As client communication director at Omnicom Group's OMD in Chicago, Mr. Habeck has worked on Dell's account since 2001, when the media agency and its sibling DDB Worldwide snagged it from Interpublic Group of Cos.' Lowe and Omnicom's BBDO Worldwide. At the time, Dell's spending had been $325 million, but it ballooned to $473 million last year, according to the company's annual reports.
"We never approached it as `direct.' We approached it as `highly accountable,"' Mr. Habeck says. "We talk a lot about above- and below-the-line stuff. I'd like to remove the line altogether."
The 39-year-old Mr. Habeck started his career in Detroit as an assistant buyer for two local McDonald Corp. co-ops at a small Interpublic shop that has since disappeared. He was lured to sibling McCann Erickson Worldwide for McDonald's, only to see McCann lose the business three weeks later.
Mr. Habeck shifted to planning for General Motors Corp., and in the mid-1990s was charged with showing GM and his McCann bosses the value of the then new Internet.
By 2000, Mr. Habeck had become so proficient that he helped launch the interactive agency Tribal DDB at his employer of three years. Then it was on to a south Florida dot-com as chief marketing officer, but that combusted within six months and it was back to DDB as group media director on Lands' End and FTD.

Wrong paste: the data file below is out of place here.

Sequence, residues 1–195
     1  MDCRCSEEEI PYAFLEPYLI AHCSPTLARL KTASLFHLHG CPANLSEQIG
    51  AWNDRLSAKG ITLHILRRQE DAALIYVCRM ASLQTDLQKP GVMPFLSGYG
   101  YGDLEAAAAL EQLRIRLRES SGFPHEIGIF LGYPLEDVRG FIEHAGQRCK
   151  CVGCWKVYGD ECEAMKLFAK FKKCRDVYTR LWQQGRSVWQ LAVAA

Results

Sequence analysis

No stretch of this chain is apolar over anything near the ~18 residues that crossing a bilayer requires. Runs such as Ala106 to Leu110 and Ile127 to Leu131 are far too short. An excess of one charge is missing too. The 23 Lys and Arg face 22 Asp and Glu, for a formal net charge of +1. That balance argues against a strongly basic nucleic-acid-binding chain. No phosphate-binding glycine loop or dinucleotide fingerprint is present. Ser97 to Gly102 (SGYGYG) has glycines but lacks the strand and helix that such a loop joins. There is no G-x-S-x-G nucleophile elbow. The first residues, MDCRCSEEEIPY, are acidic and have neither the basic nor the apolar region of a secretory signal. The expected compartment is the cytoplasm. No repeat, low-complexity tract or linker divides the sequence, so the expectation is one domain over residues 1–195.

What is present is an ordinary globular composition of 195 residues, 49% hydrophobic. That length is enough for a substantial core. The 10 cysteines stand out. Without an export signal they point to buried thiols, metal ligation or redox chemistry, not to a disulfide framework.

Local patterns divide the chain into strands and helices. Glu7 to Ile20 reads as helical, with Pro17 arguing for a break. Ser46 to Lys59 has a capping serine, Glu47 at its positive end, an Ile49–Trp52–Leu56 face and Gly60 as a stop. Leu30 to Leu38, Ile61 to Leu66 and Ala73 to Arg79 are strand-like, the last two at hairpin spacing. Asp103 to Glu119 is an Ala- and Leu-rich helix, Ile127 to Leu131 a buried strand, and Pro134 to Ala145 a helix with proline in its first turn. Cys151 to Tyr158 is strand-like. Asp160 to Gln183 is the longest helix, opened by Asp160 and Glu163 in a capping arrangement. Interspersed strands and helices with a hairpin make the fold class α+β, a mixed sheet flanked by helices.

Mr. Habeck is known for exceeding previously lofty goals, says Claire Bennett, Dell director-consumer electronics marketing. She says Mr. Habeck is creative when it comes to different media outlets, just as competitive and relentless on cost and results as are his accounts, and he enjoys the respect of his staff and the media companies with which he deals.
While Dell had started to step up TV about two years ago, "a lot of what Bob did was keep pushing that further. We had a great story to tell. He encouraged us to do a lot more broad-reaching ... vehicles to reach more consumers," Ms. Bennett says. "We knew we had a winner ... there was a lot of upside."
From the end of 2000 through last year, Dell's revenue jumped 30% to $41.4 billion. Even though the campaign was eventually dropped for a more business-oriented one, the campaign's "Steven" icon made a lasting impression on consumers and businesses.